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Thickthorn Hall

Thickthorn, or Thickham, is an ancient hamlet to the Town of Hethersett and takes its name from Alan de Thickelthorn who settled it on Roger de Thickelthorn in 1240. The 1799 map shows what appears to be a moat and buildings to the south of the present hall, and may indicate a possible site of the medieval house.

Built in 1812, the two-storey hall and service wing, now occupied as flats, stands in four acres of mature garden. Principal facades are rendered and colourwashed and the remainder is colourwashed brick. The main hall has classical features and faces south. 

Three first-floor bays are set back above a parapet which extends forwards and outwards at the returns to cover five bays. A central ground-floor doorway with a recessed portico and Doric columns, has two recessed sash windows either side, each with canopies and paired pilasters. Egg and dart mouldings decorate the heads of columns and windows. Four wide pilasters with three sashes between decorate the first floor wall. Above the eaves' parapet is a hipped slate roof.

The principal range on the west side to the right has two bays and two further forward bays. A six-bay service range adjoins to the left. Each range has a hipped slate roof. The two bays with dormers over follow the architectural style of the front with their returning parapets at eaves and mid-floor levels, pilasters and windows, now casements. The parapet between floors changes to a moulded platband where it crosses the forward two bays and at eaves level it is replaced by modillions. 

Four plain pilasters separate two large casements either side of central French windows. Set back, the six service bays have a lateral chimney stack to the right and modillions continue under the eaves. Most ground-floor windows are sash, and first-floor are casements. Eleven of the twelve window openings are under hoods.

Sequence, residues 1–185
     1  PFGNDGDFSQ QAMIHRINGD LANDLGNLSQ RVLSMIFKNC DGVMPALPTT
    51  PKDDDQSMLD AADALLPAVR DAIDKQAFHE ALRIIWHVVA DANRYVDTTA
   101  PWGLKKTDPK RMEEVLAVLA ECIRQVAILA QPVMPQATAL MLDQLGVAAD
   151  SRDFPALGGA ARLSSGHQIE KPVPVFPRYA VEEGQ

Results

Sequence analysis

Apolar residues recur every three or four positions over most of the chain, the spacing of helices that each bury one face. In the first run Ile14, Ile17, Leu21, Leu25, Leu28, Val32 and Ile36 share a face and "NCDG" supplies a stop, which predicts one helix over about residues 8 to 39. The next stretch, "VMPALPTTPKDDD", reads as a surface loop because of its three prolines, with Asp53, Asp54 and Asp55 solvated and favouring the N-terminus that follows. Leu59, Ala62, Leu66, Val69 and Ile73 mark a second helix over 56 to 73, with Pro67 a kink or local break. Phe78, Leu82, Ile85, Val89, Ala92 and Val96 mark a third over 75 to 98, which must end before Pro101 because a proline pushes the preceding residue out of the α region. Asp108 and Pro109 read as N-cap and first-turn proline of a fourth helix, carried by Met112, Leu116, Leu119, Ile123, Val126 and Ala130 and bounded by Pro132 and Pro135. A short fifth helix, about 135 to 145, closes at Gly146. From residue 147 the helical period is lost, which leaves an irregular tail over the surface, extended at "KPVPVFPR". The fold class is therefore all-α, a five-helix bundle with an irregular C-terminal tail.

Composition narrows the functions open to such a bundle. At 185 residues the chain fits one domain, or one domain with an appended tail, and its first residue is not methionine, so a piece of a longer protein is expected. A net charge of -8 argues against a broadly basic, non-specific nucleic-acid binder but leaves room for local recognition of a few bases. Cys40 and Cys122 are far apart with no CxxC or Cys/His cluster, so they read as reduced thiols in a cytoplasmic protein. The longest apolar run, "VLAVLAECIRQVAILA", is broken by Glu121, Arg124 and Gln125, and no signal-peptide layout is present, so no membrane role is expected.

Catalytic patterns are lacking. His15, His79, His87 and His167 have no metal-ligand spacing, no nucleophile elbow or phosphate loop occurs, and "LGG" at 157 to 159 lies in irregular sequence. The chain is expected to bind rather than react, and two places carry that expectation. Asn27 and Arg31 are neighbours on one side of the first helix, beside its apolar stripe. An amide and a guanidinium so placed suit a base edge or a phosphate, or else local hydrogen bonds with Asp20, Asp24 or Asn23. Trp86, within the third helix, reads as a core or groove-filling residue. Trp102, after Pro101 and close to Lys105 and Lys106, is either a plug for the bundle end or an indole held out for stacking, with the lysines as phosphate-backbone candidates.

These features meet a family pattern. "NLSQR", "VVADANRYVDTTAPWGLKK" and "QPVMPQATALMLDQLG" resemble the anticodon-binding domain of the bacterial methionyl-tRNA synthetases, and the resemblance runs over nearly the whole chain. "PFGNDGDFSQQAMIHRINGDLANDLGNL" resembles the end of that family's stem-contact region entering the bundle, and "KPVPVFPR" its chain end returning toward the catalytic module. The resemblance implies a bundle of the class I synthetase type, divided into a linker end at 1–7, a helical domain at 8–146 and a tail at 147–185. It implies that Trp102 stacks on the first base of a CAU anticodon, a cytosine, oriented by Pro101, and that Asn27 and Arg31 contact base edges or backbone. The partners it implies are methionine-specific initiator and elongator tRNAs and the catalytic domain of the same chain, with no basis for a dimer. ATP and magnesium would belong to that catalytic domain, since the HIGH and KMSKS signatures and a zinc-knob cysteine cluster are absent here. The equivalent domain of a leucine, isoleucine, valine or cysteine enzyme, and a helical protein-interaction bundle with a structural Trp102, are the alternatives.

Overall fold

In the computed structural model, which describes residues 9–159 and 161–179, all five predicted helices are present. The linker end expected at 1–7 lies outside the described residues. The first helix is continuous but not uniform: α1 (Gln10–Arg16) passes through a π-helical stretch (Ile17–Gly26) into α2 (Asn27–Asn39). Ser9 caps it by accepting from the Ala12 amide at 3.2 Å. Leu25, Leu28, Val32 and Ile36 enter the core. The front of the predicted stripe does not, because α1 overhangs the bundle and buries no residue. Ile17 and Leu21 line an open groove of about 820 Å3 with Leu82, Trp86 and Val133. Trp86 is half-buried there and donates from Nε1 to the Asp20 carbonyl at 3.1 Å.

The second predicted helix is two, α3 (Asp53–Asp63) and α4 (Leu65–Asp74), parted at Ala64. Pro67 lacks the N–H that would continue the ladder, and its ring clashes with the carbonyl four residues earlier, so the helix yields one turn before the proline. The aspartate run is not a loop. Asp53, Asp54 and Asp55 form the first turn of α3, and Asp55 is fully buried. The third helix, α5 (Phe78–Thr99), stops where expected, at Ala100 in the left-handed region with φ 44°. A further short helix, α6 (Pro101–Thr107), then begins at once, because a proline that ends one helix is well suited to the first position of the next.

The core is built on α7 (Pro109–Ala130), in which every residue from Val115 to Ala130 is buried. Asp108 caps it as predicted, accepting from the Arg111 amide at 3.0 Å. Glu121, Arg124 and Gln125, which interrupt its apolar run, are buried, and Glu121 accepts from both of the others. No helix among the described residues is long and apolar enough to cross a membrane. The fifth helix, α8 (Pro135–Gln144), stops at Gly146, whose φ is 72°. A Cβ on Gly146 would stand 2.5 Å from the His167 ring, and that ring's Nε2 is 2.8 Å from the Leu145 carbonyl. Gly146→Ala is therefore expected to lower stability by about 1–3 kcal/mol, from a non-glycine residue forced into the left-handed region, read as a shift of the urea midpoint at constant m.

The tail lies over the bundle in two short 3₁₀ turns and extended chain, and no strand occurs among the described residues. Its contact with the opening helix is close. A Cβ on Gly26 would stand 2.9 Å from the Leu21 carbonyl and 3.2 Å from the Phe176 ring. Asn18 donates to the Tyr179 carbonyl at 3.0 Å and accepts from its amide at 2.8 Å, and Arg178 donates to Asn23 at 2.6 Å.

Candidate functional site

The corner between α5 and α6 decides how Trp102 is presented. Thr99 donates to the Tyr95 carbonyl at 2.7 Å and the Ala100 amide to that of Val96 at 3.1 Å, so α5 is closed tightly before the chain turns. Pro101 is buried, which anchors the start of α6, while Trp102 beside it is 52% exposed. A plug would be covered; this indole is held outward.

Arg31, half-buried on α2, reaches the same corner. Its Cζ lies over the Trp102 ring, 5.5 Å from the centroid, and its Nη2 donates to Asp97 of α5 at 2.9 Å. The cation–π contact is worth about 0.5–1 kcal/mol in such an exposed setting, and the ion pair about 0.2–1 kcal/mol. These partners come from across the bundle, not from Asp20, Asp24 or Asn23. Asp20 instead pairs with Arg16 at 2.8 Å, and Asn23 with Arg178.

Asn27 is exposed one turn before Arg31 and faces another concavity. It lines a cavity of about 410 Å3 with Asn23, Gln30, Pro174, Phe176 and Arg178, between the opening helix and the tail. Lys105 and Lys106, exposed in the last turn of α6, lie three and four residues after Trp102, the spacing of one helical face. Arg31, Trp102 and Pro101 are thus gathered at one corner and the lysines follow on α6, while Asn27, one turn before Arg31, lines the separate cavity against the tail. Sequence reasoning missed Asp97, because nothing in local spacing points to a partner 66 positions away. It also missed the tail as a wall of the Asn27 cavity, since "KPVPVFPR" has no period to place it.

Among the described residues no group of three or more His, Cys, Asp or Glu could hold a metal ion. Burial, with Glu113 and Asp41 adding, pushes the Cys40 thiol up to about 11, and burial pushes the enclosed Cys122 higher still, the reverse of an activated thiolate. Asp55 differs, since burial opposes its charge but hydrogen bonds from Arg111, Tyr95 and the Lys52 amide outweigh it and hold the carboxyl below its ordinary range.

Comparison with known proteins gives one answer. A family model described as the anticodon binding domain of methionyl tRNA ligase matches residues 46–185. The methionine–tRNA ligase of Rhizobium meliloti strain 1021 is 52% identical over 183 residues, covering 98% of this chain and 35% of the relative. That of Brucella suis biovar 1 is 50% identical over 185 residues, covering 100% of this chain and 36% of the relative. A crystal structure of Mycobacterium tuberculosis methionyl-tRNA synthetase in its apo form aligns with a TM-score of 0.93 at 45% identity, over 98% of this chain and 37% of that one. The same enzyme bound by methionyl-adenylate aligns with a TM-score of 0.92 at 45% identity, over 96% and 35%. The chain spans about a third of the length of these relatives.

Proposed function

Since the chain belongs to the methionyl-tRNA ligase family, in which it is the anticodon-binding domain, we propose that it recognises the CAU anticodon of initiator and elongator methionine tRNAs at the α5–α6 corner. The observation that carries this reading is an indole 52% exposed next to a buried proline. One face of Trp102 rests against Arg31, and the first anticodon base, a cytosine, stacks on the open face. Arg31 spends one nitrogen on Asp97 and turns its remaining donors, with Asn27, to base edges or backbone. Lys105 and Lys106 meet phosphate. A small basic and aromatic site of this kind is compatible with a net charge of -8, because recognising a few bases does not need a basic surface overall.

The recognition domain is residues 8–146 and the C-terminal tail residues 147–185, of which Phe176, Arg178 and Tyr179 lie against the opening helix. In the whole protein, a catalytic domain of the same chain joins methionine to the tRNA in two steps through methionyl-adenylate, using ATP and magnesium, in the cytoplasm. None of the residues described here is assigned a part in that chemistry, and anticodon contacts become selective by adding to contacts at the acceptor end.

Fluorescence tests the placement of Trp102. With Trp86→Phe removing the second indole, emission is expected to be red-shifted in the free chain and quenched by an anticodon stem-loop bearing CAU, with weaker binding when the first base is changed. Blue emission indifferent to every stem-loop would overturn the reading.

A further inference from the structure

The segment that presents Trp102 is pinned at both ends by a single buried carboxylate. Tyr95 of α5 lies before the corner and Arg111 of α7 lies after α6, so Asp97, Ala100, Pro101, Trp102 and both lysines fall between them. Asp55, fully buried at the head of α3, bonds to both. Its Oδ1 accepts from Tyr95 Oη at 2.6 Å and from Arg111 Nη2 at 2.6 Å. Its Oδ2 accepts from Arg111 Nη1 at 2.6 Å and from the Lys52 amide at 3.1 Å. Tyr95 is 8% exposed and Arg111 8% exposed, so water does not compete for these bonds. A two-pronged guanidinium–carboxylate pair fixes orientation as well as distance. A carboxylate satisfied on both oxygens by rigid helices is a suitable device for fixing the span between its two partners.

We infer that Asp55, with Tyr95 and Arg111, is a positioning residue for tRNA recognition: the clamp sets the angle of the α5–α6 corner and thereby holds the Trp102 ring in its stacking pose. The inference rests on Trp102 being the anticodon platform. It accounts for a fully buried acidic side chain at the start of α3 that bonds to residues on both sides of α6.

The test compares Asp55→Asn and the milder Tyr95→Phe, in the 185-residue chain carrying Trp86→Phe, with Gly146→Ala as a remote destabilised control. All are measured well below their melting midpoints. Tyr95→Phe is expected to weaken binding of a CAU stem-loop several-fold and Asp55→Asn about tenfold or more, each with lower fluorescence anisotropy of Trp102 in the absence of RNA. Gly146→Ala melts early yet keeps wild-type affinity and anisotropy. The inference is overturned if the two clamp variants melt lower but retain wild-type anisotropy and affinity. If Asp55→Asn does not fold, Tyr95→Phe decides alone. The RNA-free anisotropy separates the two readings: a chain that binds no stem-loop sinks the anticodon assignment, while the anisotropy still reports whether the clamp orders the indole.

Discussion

Alterations have been made to the east side including the demolition of an east wing c. l969, which once enclosed the courtyard. A converted stable block and coach house with a bell clock tower is to the north. An early nineteenth century red-brick walled kitchen garden in Flemish bond with an attached octagonal building, converted for residential use, lies 60m north east of the hall.

Pevsner describes Thickthorn Hall as "Stuccoed early nineteenth century house of three by three widely spaced bays. Two storeys with one-storeyed extensions to south west and east. The latter must be a slightly later addition. Their style looks c. 1820-30. The south front has giant pilasters partly covered by the extension. The extension here includes a porch with Greek Doric pillars."

The Georgian hall was built by a William Clarke of Kettering, the finance being arranged by way of a mortgage of 3000 advanced by William Creasey Owen of Cringleford. Owen advanced Clarke a further 3000 in April of 1821 but sold both mortgages to Richard Hanbury Gurney, the Norwich banker, in April 1822, who eventually obtained from Clarke, on 11 October 1822, the surrender of the property, no doubt by foreclosing. 

Richard Hanbury Gurney, 1783-1854, was regarded as a bit of black sheep as he had an illegitimate son by Susan Wainford, but he did acknowledge this boy in his will. He bequeathed an annuity to Susan Wainford, her eldest daughter and her eldest son.

The hall remained in the possession of the Gurneys until c.1930. A large household was listed in the 1891 census, which gives some idea of the size of the living quarters. Margaret Charlotte Gurney, 65, was head, with five daughters and two sons, all single, and a large staff of eight servants. On the Thickthorn estate, a further five households were listed. In 1906, E. H. Evans-Lombe was the occupier of the mansion and grounds and William Riches farmed the park and a paddock.